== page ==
The best thing about the editors I work with (other than their patience) is that every last one of them calls me on my BS and, for the most part, doesn’t hold that very same BS against me.

And that is so, so awesome.

I admit it: sometimes I blow deadlines or turn stories in so close to the print run that the editors involved have no time even to copy edit them. Sometimes I forget to update my editors or I drop completely off the grid. Sometimes I need to be re-angled multiple times. Sometimes my stories are, shall we say, structurally unsound, organizationally baffling, epically confounding. And I get wordy, especially when I’m tired. If I have too little to do, I procrastinate. I pitch stories impulsively. Heck, I even space out on sending in the invoices. And, let’s just face it: my comma usage is definitely not awesome.

I don’t do these things all the time, but for most editors once is enough. I should know better. I should do better. I should be a better writing professional.

That’s what an editor does. Pushes us to be better writers. Demands our best and deserves to get it.

Writers need editors. And I don’t just mean aspiring and new writers. Every writer. Each and every one of us needs editors.

Editors pull us out of our own heads, gives us fresh perspectives on our work while it’s still growing. Editors help us see with fresh eyes. They inspire us, have faith in us. They lend us their skill and the benefit of their experience. They teach us to be better writers … if we listen, if we keep our eyes and ears and egos open to what they have to offer.

How could we not love someone whose job it is to help make what we’ve written better?

Do I have an idealized view of editors? Maybe. Do I have an idealized view of the editors I work with? Not at all. They are human, every last one of them. They are imperfect. They get cranky. Annoyed. That’s all part of the give and take, the human interaction, the creative process.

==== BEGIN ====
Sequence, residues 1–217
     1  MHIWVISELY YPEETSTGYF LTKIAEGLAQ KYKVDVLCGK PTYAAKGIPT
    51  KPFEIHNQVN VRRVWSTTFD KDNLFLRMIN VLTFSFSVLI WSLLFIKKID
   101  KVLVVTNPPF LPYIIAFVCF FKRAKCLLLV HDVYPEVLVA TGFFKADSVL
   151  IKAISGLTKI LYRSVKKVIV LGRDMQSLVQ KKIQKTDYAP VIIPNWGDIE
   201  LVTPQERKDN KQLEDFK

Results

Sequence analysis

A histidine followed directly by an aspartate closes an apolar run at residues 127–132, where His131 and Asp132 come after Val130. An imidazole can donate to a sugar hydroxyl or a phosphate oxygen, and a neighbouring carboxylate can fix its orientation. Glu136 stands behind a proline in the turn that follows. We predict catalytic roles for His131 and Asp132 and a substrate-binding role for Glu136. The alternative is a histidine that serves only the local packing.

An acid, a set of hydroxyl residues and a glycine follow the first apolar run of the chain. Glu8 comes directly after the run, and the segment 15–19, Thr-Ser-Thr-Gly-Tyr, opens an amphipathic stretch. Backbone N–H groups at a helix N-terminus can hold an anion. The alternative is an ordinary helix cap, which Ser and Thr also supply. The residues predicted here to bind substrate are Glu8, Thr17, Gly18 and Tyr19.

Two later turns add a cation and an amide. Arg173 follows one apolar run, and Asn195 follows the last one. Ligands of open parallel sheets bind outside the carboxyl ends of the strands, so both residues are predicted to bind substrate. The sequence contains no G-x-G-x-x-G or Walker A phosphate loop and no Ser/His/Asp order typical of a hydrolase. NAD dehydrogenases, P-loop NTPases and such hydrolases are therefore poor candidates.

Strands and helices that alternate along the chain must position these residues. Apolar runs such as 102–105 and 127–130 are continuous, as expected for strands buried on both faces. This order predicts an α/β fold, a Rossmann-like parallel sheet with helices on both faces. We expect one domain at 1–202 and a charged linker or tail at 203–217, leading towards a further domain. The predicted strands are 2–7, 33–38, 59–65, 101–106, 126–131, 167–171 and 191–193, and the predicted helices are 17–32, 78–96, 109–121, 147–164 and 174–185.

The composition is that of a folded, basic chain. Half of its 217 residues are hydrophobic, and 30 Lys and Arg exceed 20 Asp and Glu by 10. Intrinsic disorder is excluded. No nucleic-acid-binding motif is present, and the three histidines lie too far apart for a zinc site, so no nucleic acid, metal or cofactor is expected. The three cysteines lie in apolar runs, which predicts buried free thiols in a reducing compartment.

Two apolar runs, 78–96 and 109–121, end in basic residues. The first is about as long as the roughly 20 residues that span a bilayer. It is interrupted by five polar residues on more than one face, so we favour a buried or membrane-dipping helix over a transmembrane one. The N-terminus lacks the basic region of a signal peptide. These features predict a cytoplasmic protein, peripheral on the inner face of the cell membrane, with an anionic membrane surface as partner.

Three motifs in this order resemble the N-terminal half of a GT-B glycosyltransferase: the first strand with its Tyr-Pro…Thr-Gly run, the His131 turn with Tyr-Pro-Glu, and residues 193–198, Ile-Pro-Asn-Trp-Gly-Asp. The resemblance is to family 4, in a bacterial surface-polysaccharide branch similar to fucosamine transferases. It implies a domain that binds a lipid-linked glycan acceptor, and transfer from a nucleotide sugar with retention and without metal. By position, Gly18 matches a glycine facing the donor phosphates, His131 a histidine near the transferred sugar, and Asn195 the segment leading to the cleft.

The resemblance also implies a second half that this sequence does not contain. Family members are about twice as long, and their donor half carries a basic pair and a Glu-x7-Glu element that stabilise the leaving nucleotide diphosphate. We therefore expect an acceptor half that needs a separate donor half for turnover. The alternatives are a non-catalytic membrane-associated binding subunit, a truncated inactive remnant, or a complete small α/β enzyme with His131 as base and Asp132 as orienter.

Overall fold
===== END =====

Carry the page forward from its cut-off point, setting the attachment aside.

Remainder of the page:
Editors are awesome. And we writers should treat them as such. We should open up a document file or pull out a pen and some paper this very moment and write them some of the cleanest, smoothest, most on-topic copy we’ve ever written. Flesh it out. Develop it. Dig deep and push past clichés.

When we have something worthy, we should send it in early, receive edits as though they were birthday gifts, revise as though possessed by a higher being, and file glorious final drafts.

I’m not being sarcastic, here. I’m not kidding. These people play a vital role in what we do as writers. We should treat them as accordingly.


Just One Sentence at a Time: Brandvold, Monahan, & Piccirilli on Writing Full-time

Today’s round-up includes three very different writers: Peter Brandvold, Sherry Monahan, and Tom Piccirilli.  Each of them writes full-time, whether fiction or non-fiction.  Each lives life contract to contract, deadline to deadline, sentence to sentence. 

Peter Brandvold writes under his own name and his pen name, Frank Leslie.  His recent books include The Devil’s Winchester (as Peter Brandvold), Bullet for a Halfbreed (as Frank Leslie) and Longarm and the Crossfire Girl (as Tabor Evans).  Under any name or in any series, Brandvold is known for writing violent action particularly well.  His secret seems to be his great care in developing life-like characters.

Sherry Monahan is a freelance writer, editor, and genealogist who specializes in the Victorian Western migration.  She is a contributing editor at True West magazine, as well as the author of the recent Cary, NC and the forthcoming E.M.H.: The Aristocratic Ranch Wife.  In addition to freelance writing and editing, Monahan hires out as a professional researcher who helps people not only trace their ancestry but to also flesh out the details.